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Sentinel Landscapes

The collaborative Sentinel Landscapes Partnership supports efforts to promote working lands, protect wildlife habitat and ensure military readiness at military bases across the country.

U.S. Department of Agriculture (USDA), U.S. Department of Interior (DOI) and U.S. Department of Defense (DOD) designated two new Sentinel Landscapes on April 8, 2015: Fort Huachuca in Arizona and Naval Air Station Patuxent River-Atlantic Test Ranges in Maryland and Delaware.

The latest Sentinel Landscapes join South Puget Sound in Washington State, the first designated Sentinel Landscape in the nation in 2013.

Sentinel Landscape in Arizona

Fort Huachuca is home to a rich agricultural heritage where working ranches, grasslands and forests are key to watershed protection in this drought-prone region

USDA’s Natural Resources Conservation Service and the Forest Service are joining DOI’s  Fish and Wildlife Service to lead efforts to help private landowners retain 5,000 acres of productive and viable working farm and ranch lands that help to sustain Arizona’s food and fiber production and  improve its environmental quality.

NRCS will commit up to $3 million over three years to the Ft. Huachuca Sentinel Landscapes through financial and technical assistance from Farm Bill programs including the Agricultural Conservation Easement Program.

The Sentinel Landscape Partnership in Arizona will play an active role in efforts to protect grassland and forest habitat, the species that rely on those habitats, and the water resources needed by Fort Huachuca, wildlife and that region.

NRCS, Forest Service and Fish and Wildlife will partner with the Arizona Land and Water Trust, the Arizona Department of Forestry and more than 40 other local, state and federal partners to discourage incompatible land development, protect and restore native grasslands and working ranches, and ensure the availability of scarce groundwater resources for the entire region.

Sentinel Landscape in Maryland and Delaware

Naval Air Station Patuxent River-Atlantic Test Ranges is the U.S. Navy’s premier aircraft research, development, test, and evaluation location. The Atlantic Test Ranges cover 2,700 square miles of restricted air space.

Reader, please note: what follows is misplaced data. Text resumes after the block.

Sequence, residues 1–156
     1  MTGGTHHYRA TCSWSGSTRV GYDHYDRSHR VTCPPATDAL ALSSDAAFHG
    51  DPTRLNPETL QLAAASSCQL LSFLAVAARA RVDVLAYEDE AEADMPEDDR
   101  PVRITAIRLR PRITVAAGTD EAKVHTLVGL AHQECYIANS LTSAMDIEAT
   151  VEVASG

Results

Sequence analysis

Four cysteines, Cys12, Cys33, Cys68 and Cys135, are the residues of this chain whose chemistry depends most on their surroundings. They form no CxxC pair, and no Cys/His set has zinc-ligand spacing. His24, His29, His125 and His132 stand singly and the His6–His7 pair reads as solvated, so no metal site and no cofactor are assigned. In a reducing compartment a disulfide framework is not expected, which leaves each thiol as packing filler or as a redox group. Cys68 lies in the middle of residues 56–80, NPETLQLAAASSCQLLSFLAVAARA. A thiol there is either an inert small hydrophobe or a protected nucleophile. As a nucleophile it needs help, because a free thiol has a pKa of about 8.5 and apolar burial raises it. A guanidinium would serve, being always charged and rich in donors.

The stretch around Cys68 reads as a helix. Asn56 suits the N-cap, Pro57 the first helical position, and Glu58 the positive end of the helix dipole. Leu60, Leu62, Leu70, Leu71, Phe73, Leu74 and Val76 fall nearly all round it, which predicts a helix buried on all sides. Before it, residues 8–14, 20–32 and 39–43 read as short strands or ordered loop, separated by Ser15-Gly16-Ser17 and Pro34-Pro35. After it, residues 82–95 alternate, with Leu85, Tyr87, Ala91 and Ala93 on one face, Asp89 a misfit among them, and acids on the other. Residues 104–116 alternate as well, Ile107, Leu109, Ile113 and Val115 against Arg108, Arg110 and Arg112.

Fish and Wildlife Service, NRCS, the Chesapeake Conservancy and many state and conservation partners are spearheading efforts to conserve a wildlife corridor of at least 1,385 acres of forests, wetlands and farmland along the Nanticoke River and the broader Chesapeake Bay under the Atlantic Test Ranges.

Keeping the land in agriculture benefits environmental quality, historic preservation and wildlife habitat. NRCS in Delaware and Maryland will commit up to $1.5 million for financial and technical assistance in the NAS Patuxent River Sentinel Landscape through various Farm Bill programs, including ACEP. NRCS’s efforts in the NAS Patuxent River Sentinel Landscape will help landowners keep their productive lands in agriculture and protect wetlands. NRCS’s goal is to protect up to 750 acres of productive farmlands within the NAS Patuxent River Sentinel Landscape.

Conservation Tools

NRCS, U.S. Fish and Wildlife Service and other partners will work jointly to identify natural resource needs in the Sentinel Landscapes and reach out to eligible landowners and offer voluntary technical and financial assistance to address these resource concerns.

Conservation tools will include:

Conservation Easements: NRCS acquires conservation easements under the Agricultural Conservation Easement Program (ACEP). ACEP has two component—the agricultural land easement and the wetlands reserve easement.

ACEP's agricultural land easements not only protect the long-term viability of the nation's food supply by preventing conversion of productive working lands to non-agricultural uses, but they also support environmental quality, historic preservation, wildlife habitat and protection of open space. ACEP now focuses on the protection of "grasslands of special environmental significance’ or high-quality grasslands that are under threat of conversion to cropping, urban development and other non-grazing uses.

Wetland reserve easements allow landowners to successfully enhance and protect habitat for wildlife on their lands, reduce impacts from flooding, recharge groundwater and provide outdoor recreational and educational opportunities.